The CCS is Canada's largest cancer-research funding agency after the Canadian Institutes of Health Research (CIHR), which is funded by the Canadian government. In a step that alarms many Canadian scientists, on 2 April, the CIHR canceled a major funding round that 2,300 investigators had applied for. "This is the only granting agency I know of to kill a competition that was in progress," observes Jim Woodgett, Koffler Director of Research at the Lunenfeld-Tanenbaum Research Institute, in Toronto. "Others have postponed or deferred competitions due to begin."

In an open letter to researchers on 3 April, the CIHR explained that it "did consider virtual peer review for the Spring 2020 Project Grant competition.” But the agency―which until recently aggressively promoted online peer-review techniques―said it was not prepared: "With the situation continuing to evolve, we could not be certain about the reliability of the critical infrastructure required to deliver a high-quality competition," the CIHR explained.

It is not an explanation that sits well with Woodgett, who notes that the US National Institutes for Health (NIH) "switched to a secure Zoom platform in less than a week. Either this means CIHR has major vulnerabilities in its capacity to support remote IT solutions or it simply didn’t want to."

In canceling its current funding round and asking scientists to re-apply later this year, the CIHR finds itself at odds with its peer agencies in Australia, Europe, the UK and the USA.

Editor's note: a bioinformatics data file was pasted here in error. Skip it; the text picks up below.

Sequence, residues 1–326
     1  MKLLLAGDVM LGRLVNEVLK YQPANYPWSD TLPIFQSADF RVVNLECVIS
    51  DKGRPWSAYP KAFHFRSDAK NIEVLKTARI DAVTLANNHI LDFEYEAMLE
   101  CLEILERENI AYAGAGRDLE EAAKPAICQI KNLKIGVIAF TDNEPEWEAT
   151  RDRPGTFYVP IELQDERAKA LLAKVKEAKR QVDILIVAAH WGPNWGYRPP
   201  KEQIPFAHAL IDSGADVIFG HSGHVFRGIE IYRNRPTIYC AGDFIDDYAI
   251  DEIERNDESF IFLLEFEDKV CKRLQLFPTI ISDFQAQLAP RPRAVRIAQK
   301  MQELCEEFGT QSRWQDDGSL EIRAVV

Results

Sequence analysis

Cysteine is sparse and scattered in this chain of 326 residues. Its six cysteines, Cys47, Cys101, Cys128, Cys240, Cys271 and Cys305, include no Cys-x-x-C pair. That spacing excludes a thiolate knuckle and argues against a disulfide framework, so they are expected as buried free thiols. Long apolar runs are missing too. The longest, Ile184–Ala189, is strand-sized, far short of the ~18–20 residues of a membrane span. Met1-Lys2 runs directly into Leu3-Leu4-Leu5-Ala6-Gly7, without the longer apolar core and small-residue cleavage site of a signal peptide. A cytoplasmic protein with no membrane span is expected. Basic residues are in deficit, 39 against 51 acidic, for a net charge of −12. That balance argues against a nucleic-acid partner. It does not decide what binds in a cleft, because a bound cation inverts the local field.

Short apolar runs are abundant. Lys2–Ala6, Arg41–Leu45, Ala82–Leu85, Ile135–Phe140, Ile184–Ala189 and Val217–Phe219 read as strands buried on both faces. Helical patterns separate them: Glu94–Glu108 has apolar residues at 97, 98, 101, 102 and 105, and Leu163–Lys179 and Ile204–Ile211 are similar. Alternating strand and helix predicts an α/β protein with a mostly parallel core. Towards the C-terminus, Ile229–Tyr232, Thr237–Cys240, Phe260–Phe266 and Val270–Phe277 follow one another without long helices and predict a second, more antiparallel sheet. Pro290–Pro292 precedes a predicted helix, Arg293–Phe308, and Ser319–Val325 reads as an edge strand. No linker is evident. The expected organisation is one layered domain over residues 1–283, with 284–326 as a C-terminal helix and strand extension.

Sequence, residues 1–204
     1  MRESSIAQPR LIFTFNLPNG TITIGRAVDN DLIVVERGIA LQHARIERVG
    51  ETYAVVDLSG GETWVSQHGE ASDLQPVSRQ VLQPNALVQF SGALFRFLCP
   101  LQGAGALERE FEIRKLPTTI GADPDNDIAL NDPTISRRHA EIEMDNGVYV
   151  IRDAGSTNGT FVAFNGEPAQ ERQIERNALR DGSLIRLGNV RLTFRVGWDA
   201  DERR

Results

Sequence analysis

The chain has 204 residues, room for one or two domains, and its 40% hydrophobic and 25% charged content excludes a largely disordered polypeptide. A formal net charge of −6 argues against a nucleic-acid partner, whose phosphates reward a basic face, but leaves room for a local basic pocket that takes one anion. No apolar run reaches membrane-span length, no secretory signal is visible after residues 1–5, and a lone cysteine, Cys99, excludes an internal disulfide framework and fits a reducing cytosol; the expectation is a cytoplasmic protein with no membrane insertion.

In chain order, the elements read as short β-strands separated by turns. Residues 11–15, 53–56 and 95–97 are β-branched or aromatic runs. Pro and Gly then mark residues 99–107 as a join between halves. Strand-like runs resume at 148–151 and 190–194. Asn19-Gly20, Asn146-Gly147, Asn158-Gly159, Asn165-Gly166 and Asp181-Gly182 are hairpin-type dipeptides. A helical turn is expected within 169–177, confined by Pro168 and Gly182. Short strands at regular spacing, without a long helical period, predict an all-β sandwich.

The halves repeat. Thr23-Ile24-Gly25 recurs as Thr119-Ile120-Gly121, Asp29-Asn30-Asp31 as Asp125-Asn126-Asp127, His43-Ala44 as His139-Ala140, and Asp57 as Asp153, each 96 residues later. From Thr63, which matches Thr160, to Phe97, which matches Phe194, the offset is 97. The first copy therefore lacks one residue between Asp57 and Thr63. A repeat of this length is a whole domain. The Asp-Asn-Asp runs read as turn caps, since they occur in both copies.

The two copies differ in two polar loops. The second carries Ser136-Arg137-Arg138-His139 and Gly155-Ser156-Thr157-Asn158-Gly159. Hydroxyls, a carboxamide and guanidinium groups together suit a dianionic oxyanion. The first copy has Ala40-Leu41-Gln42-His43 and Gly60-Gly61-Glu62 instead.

Others holding strong

"There have been no cuts to Australian Government funding for health and medical research due to COVID-19,” Anne Kelso, Chief Executive Officer for Australia's National Health and Medical Research Council, told Nature Medicine in an email. “Some funding processes are being slowed down to manage workloads for the research sector during 2020, while others have been accelerated to deliver rapid funding for COVID-19 research."

Nor have Australian charitable groups announced cuts to health-research programs, adds Gaetan Burgio, head of the Transgenesis Core Facility at the Australian National University College of Health and Medicine.

The European Research Council (ERC) is similarly undeterred by the pandemic, says ERC spokesperson Marcin Monko. "We’re doing our best so that neither the current grantees nor current or future applicants are affected negatively by the pandemic. Therefore, we plan to open our Advanced Grants call (total budget of around €500 million) in May as planned," Monko explained in an email message.

James Giles-Franklin, Media and Communications Manager for UK Research and Innovation (UKRI), which, with a combined budget of more than £7 billion, brings together seven government-funded UK research councils, says his agency is taking much the same approach as the ERC’s.

“Our current plan is for UKRI funding programs to continue,” the UKRI has reassured researchers. “Funding opportunities that are open now will continue to be advertised. All our systems are operating as normal.” The deadlines on all open funding opportunities will be extended to give applicants more time to submit their applications on a case-by-case basis in which 'no-cost' extension requests to grants impacted by coronavirus will be allowed, UKRI says.

In the USA, where, despite calls from the Trump administration for deep cuts to the NIH and National Science Foundation budgets in February, Congress approved substantial increases, the COVID-19 crisis has generated additional funding for NIH biomedical research awardees, says Kevin Wilson, the director of public policy for the American Society of Cell Biologists. “The NIH is trying very hard to maintain research continuity. The study sections are meeting virtually, and what we hear is what we want to hear. There’s been no hint of disruption.”

Officials with four major non-governmental health research entities that rely on private-foundation support, including the UK-based Wellcome Trust and the US-based Gates Foundation, Howard Hughes Medical Institute and Chan-Zuckerberg Initiative, also confirm that their research support will for now continue undiminished despite the economic impacts of the pandemic.